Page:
Your intentions direct your attention to be steady, clear, and connected to skilful attitudes. There is an overarching intention to respond skilfully to suffering.
Ancient wisdom, modern science
Interest in mindfulness has boomed in recent years, and it is likely that most people will have heard of it in some way by now. Mindfulness has its roots in ancient contemplative traditions, and much of what we know about mindfulness meditation today comes from practices preserved in Buddhist teachings which can be traced back some 2600 years to ancient India.
The few recent decades of research and practice which led to the 8-week programmes that are popular now is quite a brief period in comparison. However, in this relatively short period, the research into secular mindfulness has had an important impact and transformed the ways we understand human health, psychology and flourishing.
A brief history of secular mindfulness
Contemporary mindfulness-based approaches began in the late 1970s with Jon Kabat-Zinn’s Mindfulness-Based Stress Reduction (MBSR) programme, which was found to be helpful for people with stress and chronic medical conditions.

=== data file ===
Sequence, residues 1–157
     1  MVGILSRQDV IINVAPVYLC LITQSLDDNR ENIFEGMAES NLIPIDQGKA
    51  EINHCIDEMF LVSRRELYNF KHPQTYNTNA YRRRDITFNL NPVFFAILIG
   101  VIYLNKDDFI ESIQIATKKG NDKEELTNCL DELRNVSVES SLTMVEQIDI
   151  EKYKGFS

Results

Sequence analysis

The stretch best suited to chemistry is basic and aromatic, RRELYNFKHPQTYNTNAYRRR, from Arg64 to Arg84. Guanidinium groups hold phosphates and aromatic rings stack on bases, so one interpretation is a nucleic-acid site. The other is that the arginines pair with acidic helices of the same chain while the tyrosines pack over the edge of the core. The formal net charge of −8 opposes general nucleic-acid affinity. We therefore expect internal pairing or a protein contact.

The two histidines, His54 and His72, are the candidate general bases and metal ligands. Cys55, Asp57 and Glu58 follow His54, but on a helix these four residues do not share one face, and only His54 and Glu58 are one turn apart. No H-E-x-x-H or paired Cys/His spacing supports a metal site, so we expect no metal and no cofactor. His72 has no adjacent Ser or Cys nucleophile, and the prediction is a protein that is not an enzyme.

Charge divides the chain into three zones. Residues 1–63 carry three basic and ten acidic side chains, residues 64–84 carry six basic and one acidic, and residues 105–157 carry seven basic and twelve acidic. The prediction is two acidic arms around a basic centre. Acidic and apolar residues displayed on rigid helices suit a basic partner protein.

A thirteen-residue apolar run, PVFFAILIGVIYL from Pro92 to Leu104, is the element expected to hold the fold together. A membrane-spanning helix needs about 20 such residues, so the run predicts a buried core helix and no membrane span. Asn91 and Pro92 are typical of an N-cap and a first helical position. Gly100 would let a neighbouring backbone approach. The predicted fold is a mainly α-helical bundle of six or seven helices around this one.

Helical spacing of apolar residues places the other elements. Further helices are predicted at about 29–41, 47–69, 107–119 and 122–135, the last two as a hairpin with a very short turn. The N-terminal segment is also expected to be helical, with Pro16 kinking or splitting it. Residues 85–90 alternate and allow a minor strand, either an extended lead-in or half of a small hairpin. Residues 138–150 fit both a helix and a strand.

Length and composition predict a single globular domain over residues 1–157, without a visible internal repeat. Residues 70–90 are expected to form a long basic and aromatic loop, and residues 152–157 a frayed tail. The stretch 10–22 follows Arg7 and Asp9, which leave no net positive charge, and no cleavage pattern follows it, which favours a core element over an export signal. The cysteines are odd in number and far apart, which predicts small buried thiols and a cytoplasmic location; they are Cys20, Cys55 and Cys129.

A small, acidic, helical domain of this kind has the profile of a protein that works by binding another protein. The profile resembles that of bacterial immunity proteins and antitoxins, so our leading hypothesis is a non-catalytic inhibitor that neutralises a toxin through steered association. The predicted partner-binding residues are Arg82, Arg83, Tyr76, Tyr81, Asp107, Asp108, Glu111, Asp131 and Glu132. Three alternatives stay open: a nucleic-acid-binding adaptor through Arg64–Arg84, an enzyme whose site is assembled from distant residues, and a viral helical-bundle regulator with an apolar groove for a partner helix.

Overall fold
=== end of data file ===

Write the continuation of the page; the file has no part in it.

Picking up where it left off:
In the early 1990s, Zindel Segal, Mark Williams and John Teasdale were developing a model for preventing depressive relapse and came across Kabat-Zinn's work. Inspired by MBSR participants' reported changes in how they related to difficult experience and negative thoughts, Segal and colleagues developed a programme which drew extensively from the mindfulness training in MBSR and combined it with elements of cognitive therapy, thereby creating Mindfulness-Based Cognitive Therapy (MBCT) for Depression, as a skills training programme to help people who suffer from recurrent depression to help prevent relapse.
The National Institute for Health and Clinical Excellence (NICE) now recommends MBCT for relapse prevention in depression for patients with 3 or more episodes. Since the emergence of MBCT, interest in mindfulness-based approaches has grown exponentially with a growing body of research into mindfulness for many different problems.
The application of mindfulness has now reached beyond the clinic into areas as diverse as as childbirth and parenting, mindfulness in the corporate setting and workplace, in education, prisons, politics, environmental issues, and the military; Mindfulness has shown to be helpful in reducing suffering, and now it is being used to support flourishing and growth.
The MBCT for health and wellbeing programmes offered at Mindfulness Therapies closely follow the Segal et al. (2013) protocol. Some adaptations have been made, in line with good practice, to make material more applicable to general public groups.
Feedback from previous course participants
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"A real joy to be part of a group on this journey, learning from one another. Acceptance and generosity to myself are key things I'll take away with me. The day-long practice was amazing, and will stay with me for a long time, a real treat!" Martha.